This article gives simple and clear explanations of where first cousins fit in your family tree.
I also answer some common questions around first cousin relationships, like whether you can get married.
Let’s start with the basics!
What Is A First Cousin?
Your first cousins are the children of your aunts and uncles.
Here is an illustration of the relationship. Do your parents have brothers and sisters? Their children are your first cousins.
You and your first cousins are of the same generation. You share common grandparents. So your common ancestors go back two generations.
What Is A Half Cousin?
If your parents have half-siblings then their children are your half cousins.
Your most recent ancestor is one grandparent as opposed to two grandparents.
Here’s an example scenario. Your grandfather married twice and your father has a half-brother through the earlier marriage. This man is your half-uncle.
The children of your half-uncle are your half first cousins. If that’s confusing, the illustrated picture below should make it clear. Note that your grandmother is not in this branch of the family tree (she will be in other branches).
It’s rare in English-speaking cultures to reference the “half” half-cousin relationship. Most of us will simply call them our cousins.
It only becomes important in some legal scenarios such as inheritance.
We share less DNA with half-cousins than with full cousins. This is because we have one most recent common ancestor instead of two.
What’s The Difference Between First Cousins And Second Cousins?
First cousins are a closer relationship to you than your second cousins.
This is best described in the picture below. On the left, you share grandparents with your first cousin. In other words, you are two generations from your common ancestors.
The picture on the right shows you and your second cousin at the bottom of the tree. You share great-grandparents where are three generations away.
We have a separate article answering a range of questions on second cousins.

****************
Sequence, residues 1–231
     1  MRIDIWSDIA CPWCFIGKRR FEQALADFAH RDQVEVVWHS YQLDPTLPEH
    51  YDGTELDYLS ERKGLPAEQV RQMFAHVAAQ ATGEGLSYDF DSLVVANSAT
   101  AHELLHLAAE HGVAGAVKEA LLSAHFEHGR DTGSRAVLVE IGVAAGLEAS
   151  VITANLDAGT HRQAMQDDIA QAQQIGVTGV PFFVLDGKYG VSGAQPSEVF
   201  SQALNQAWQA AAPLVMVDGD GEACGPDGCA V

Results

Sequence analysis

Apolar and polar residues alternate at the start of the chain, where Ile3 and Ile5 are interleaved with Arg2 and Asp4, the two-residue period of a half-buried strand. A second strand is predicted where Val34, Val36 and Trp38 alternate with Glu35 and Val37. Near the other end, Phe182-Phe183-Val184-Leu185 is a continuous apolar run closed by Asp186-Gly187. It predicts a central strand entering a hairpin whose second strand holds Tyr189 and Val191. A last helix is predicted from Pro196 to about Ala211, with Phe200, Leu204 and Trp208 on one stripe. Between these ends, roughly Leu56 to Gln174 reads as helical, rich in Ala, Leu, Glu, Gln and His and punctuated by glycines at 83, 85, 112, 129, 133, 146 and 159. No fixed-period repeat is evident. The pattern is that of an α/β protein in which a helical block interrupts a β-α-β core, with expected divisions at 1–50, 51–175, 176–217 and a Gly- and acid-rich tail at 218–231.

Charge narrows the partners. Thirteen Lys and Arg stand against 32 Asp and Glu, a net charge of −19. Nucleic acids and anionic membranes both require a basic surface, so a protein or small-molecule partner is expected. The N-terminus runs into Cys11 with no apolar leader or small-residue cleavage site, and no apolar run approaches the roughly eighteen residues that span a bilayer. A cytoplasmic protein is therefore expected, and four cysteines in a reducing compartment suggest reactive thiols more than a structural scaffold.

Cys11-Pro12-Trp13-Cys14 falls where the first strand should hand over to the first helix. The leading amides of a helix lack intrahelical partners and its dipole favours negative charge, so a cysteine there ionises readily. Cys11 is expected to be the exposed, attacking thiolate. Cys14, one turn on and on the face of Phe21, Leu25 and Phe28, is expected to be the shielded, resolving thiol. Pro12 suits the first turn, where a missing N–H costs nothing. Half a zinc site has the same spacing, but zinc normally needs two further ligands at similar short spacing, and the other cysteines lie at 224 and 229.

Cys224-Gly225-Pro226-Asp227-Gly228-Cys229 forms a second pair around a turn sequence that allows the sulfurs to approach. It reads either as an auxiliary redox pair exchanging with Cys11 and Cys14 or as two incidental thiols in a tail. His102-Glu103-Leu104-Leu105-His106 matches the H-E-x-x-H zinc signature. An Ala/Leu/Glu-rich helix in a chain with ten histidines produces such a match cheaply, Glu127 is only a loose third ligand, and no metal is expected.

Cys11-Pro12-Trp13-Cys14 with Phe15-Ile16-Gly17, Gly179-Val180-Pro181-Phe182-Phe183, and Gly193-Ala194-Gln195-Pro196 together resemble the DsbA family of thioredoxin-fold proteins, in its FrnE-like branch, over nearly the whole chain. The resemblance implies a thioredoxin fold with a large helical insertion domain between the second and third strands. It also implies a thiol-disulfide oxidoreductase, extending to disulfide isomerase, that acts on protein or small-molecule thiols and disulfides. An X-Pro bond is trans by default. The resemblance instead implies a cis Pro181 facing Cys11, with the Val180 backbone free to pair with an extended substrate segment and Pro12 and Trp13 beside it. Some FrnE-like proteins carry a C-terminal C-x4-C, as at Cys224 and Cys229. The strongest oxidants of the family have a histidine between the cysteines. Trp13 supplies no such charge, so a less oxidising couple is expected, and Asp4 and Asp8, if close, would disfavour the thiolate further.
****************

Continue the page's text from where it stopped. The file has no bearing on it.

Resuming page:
First Cousins Versus First Cousins Once Removed
People do get confused between these two relationships. What does “once removed” mean anyway?
We’ve written a separate article on what first cousins once removed means. It’ll show you several possible relationships in a family tree that fall under the “once removed” category.
The Name Of The Relationship Works Both Ways
When you are first cousin to family members, they are also first cousin to you.
A lot of family relationships don’t work like that. You are niece to your aunt, but of course, your aunt is not your niece.
But “first cousin” is the same term for the relationship from both sides.
What does 1C mean?
You may see articles or charts referring to 1C.
1C1R stands for first cousin (1st Cousin).
Are First Cousins Blood Related?
Your first cousin is a blood relative when you share common ancestors.
If the cousin relationship is through marriage, then you are not blood relatives.
Let’s take an example to explain. Let’s say that your uncle married a woman who had a child from a previous relationship.
Personally, I would call this child my cousin. (Some cultures may not).
However, we are not blood related.
Do First Cousins Share DNA?
First cousins share amounts of DNA ranging from about 7.3% to 13.8%. The average percentage of shared DNA is about 12.5%.
This is about 400 to 1,400 centimorgans of shared DNA.
(% estimates from 23andMe. Cm as reported by DNA Painter).
The reason for the variability is that people inherit different amounts of DNA from common ancestors. You will receive sections of DNA from your grandparents that your cousins don’t get – and vice versa.
The amount passed down from your grandparents also gets smaller with each generation.
Using DNA websites
If you’ve used one of the big commercial DNA testing services, you may be researching a list of DNA relatives who also tested with the same company.
The websites like Ancestry and 23andMe will give you a prediction of relationships based on the amount of shared DNA.
Be aware that the higher end of the range for first cousins will overlap with the lower end of half-siblings and aunts or uncles.